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When Radicals Run Freeantioxidants

You’ve probably heard about these pesky little things called free radicals. While they sound like something out of a sci-fi movie, left unchecked these little buggers can do real harm to you and your body. How?

It has to do with something called oxidation. As we have talked about before, oxidation is the process of oxygen molecules bonding themselves to other chemicals. Have you ever left an uneaten banana on the counter only to find it sprouting brown spots a day or two later? That’s oxidation. In fact, some think that if you were to wrap plastic or some other dressing over the stem of the banana, you could slow down its oxidation.

So how does this affect me?

To get a better understanding of oxidation and free radicals, let’s first review the makeup of an atom. Whenever you see a picture of an atom you might have noticed layers of circles spinning around the center. These hula-hoop-like layers are called shells. When a shell fills up with enough electrons, another shell forms. If an atom has an incomplete outer shell with not enough atoms, it becomes unstable and searches for something to bond with. This is a free radical.

Not all free radicals are bad. They can be used within the body to help fight off invading diseases. But if the body has too many free radicals, they can set off a chain reaction that can lead to cell damage and the development of certain diseases. Having too many free radicals is called oxidative stress.

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Oxidative Stress Symptomsantioxidant

Common oxidative stress symptoms are:

Oxidative stress can happen if you’re exposed to too many pollutants, cigarette smoke, and if you eat deep-fried food regularly. Interesting, your environment and diet are not the only things that can cause oxidative stress and aging.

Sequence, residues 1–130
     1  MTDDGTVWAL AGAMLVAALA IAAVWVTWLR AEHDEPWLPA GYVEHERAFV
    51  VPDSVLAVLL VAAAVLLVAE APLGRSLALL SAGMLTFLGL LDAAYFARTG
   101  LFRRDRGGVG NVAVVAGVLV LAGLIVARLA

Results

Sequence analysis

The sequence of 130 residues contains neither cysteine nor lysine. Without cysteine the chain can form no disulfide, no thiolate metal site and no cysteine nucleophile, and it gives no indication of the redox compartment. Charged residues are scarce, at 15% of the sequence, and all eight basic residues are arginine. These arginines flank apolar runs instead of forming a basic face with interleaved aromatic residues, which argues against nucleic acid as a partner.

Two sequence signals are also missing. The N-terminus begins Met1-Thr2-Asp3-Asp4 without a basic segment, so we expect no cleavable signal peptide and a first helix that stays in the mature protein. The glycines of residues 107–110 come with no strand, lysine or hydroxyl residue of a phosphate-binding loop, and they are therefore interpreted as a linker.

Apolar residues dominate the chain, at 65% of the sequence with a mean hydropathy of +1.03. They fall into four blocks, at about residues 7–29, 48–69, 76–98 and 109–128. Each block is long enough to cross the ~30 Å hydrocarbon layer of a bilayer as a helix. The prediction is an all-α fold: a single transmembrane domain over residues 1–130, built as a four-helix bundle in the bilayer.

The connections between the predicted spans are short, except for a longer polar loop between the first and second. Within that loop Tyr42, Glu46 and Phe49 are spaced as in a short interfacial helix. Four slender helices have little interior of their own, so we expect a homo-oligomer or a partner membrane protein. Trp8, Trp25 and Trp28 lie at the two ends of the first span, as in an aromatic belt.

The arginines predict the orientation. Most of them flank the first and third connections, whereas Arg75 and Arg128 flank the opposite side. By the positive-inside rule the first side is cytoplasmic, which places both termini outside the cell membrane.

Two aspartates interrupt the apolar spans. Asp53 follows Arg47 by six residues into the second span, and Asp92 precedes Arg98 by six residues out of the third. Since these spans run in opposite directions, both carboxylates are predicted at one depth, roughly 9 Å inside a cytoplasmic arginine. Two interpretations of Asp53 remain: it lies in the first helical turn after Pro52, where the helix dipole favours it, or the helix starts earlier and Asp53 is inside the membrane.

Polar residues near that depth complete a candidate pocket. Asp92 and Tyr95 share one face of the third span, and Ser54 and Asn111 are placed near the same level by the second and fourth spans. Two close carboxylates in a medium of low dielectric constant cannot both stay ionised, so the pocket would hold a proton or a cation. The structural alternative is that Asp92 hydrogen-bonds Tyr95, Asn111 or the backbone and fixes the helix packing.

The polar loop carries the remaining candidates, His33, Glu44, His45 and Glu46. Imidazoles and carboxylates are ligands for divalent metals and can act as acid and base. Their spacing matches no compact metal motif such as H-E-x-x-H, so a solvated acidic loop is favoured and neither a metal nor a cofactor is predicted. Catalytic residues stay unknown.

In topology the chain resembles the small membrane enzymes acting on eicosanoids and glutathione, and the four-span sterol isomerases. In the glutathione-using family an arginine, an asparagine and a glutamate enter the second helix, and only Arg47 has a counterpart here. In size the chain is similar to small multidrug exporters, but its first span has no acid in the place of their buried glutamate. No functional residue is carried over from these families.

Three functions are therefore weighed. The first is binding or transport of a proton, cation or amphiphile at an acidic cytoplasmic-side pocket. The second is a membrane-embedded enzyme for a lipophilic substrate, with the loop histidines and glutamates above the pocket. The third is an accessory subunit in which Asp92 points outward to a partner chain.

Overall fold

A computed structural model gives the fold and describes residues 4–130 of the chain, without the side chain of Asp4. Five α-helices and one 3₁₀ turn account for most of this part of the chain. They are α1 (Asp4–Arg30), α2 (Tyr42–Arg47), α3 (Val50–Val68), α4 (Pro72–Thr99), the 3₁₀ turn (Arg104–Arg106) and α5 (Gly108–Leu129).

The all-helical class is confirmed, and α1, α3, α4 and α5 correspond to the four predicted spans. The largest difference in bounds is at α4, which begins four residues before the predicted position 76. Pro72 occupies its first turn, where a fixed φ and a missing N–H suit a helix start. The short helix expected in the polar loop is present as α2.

Have you ever felt winded after exercising? Like if you moved one more inch you’d have no breath left in you? That’s from oxidative stress. When you suddenly exert yourself after a long period of inactivity the body creates a rush of free radicals. Over time as you incorporate a work out routine into your daily life, your body will be able to handle the free radicals by creating its own antioxidants.

Oxidative stress might increase the effects of aging but antioxidants can help.

antioxidant How Antioxidants Help

By now you’re probably wondering how antioxidants can help. Like the plastic covering the stem of a banana, antioxidants can hinder or even fight oxidative stress altogether. They do this by taking one of their electrons and giving it to an unstable free radical without becoming one themselves. This act of giving an electron stabilizes the free radical and stops any damage it might cause. By having enough antioxidants in your diet you can lessen the effects of aging and stop that winded feeling after a workout.

You can find antioxidants in many fruits, veggies, and olive oil with carbon 60 (C60)

Are You Ready To Feel Better and be Healthier?

If you’re looking for a quick boost and better, healthier life, try taking Carbon 60 in olive oil today. Many who have taken C60OO say it makes their usual workout routines easier to complete and leave them less winded at the end. To learn more about what C60 can do, click here.

To order C60 online here.

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How Antioxidants Prevent Aging | SES Research – Houston, TX